Wednesday, November 15, 2017

A SQLite primer for Android app developers

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Sometimes, you need to store more complex data in your app than just simple key/value pairs saved with a text file or Shared Preferences. Databases are ideal for storing complex data structures and are particularly suited to storing records, where each block of data stored uses the same fields, formatted in the same manner. This works like a table or an Excel spreadsheet, and, like Excel, it allows for much more dynamic manipulation and logical organization of data. It’s thanks to databases that many machine-learning and big data applications are possible. Databases also make everyday tools like Facebook possible. As a result it’s a skill in high demand.

Programmers will eventually need to learn to use databases

This is why programmers will eventually need to learn to use databases. That way, your data will be organized and you’ll have no difficulty retrieving passwords, user data or whatever other information you need. And this also happens to be a great way to store data on an Android device as well. To do all this, we’ll be using SQLite.

Introducing SQLite

SQL databases are relational databases where data is stored in tables. The Structured Query Language (SQL) is the declarative language used to query those databases so that you can add, remove and edit data. For more on SQL itself, check out this article. SQLite is an implementation of a relational database, specifically aimed for embedded scenarios. It’s ideal for the likes of an Android app. The easiest way to imagine a relational database is to think of it as a series of tables.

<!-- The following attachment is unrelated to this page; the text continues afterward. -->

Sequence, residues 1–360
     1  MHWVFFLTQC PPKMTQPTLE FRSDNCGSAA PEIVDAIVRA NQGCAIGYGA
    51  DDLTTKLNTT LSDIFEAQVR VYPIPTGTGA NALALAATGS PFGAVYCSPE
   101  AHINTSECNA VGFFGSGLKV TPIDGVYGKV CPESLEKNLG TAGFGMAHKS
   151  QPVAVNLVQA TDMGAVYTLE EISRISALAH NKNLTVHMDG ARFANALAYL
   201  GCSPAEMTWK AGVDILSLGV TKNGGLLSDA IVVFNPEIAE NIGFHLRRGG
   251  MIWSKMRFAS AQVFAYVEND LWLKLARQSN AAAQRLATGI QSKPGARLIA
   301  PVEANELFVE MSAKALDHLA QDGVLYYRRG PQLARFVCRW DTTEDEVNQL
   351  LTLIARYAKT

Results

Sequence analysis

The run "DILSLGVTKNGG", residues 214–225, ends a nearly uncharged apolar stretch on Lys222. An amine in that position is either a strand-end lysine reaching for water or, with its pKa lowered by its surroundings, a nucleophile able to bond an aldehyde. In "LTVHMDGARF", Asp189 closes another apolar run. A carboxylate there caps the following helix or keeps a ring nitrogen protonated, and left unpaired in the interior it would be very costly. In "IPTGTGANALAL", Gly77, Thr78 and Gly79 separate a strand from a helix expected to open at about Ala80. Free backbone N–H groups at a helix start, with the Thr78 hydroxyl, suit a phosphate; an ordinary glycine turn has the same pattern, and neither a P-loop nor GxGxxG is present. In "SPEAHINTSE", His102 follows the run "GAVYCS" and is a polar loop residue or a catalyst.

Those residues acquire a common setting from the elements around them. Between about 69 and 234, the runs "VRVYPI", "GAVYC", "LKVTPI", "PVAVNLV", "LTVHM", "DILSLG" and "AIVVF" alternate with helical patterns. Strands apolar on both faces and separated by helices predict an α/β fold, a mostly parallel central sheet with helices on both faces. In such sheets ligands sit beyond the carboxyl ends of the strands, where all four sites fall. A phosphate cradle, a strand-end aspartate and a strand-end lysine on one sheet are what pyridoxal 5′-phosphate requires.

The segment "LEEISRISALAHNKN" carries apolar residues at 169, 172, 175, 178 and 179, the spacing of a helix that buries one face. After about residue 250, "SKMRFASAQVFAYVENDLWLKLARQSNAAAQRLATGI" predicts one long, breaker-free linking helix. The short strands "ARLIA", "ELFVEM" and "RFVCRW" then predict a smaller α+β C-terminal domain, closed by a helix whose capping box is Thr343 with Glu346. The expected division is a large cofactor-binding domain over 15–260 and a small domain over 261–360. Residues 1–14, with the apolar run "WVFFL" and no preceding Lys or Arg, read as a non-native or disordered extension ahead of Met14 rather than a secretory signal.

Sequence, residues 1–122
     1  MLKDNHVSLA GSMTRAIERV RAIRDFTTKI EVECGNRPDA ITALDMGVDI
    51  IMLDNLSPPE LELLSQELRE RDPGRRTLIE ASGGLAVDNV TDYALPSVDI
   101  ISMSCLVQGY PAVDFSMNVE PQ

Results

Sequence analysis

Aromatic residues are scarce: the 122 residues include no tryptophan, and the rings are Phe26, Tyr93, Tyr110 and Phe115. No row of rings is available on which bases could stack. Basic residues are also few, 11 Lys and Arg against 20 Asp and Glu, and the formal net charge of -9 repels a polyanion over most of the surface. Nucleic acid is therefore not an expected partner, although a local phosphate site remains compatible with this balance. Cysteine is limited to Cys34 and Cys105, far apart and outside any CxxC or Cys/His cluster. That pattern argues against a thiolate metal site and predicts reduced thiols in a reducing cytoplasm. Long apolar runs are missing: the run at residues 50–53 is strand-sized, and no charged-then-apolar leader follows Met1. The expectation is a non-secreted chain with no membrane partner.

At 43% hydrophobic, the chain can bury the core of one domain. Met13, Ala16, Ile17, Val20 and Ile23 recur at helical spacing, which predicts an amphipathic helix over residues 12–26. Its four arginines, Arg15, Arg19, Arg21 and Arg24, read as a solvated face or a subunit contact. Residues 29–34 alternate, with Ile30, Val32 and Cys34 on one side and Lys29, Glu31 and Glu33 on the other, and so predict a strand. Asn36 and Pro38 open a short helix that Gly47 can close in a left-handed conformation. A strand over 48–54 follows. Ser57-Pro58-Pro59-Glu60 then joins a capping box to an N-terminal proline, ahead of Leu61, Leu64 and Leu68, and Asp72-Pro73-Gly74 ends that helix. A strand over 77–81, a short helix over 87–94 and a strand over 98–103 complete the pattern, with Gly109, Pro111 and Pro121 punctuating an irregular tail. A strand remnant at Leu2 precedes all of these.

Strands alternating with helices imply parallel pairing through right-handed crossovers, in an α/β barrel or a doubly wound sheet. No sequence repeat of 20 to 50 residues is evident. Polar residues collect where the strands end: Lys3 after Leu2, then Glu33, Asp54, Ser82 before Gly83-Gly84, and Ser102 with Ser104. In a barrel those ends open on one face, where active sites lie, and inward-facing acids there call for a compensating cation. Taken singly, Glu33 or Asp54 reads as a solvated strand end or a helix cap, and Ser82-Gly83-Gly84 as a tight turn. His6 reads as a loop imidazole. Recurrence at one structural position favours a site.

What’s cool is SQLite doesn’t require a dedicated relational database management system (RDBMS)— it is used directly from your code, rather than via a server or external resource. Your data is saved into a file locally on your device, making it a powerful and surprisingly easy way to store persistent data on Android. SQLite is open-source, easy to use, portable, and highly cross-compatible.

There’s no need to install anything additional if you want to start using SQLite in Android Studio. Android provides the classes which you can use to handle your database. Android developers can use the SQLiteOpenHelper to use SQL commands. That’s what we’ll be looking at in this post.

In the next few sections, you’ll learn create a table this way and in the process, you’ll hopefully start to feel comfortable with SQLite, SQL, and databases in general.

Creating your first database

Start a new empty Android Studio project. Now create a new class by right-clicking the package on the left and choosing New > Java Class. I’ve called mine ‘Database’. We want to extend SQLiteOpenHelper class and so enter that as the superclass. To recap: this means we’re inheriting methods from that class, so our new class can act just like it.

Right now, your code will be underlined red because you need to implement the inherited methods and add the constructor.

The finished article should look like so:

package com.androidauthority.sqliteexample; import android.content.Context; import android.database.sqlite.SQLiteDatabase; import android.database.sqlite.SQLiteOpenHelper; public class Database extends SQLiteOpenHelper     public Database(Context context, String name, SQLiteDatabase.CursorFactory factory, int version)         super(context,name,factory, version);        @Override    public void onCreate(SQLiteDatabase db)        @Override    public void onUpgrade (SQLiteDatabase db, int oldVersion, int newVersion)         

The first thing to do is to simplify our constructor. Add these variables:

public static final int DATABASE_VERSION = 1; public static final String DATABASE_NAME = "MyDatabase.db";

With that done, update your constructor like so:

public Database(Context context)     super(context,DATABASE_NAME,null, DATABASE_VERSION); 

Break it down and you can see that we’re calling our database ‘MyDatabase.db’. Now, whenever we make a new Database object from this class, the constructor will build that database for us.

Creating tables

Now we’re ready to start populating it with some data! This data takes the form of a table and hopefully you’ll see why this is useful. What kind of thing might we use a database for in the real world? Well, how about CRM – customer relationship management? This is what big companies use to keep track of their customers’ details. It’s how they know to call us with special offers in which we may be interested. It’s how your magazine subscription always knows when it’s time for a renewal – that might be a good example to use.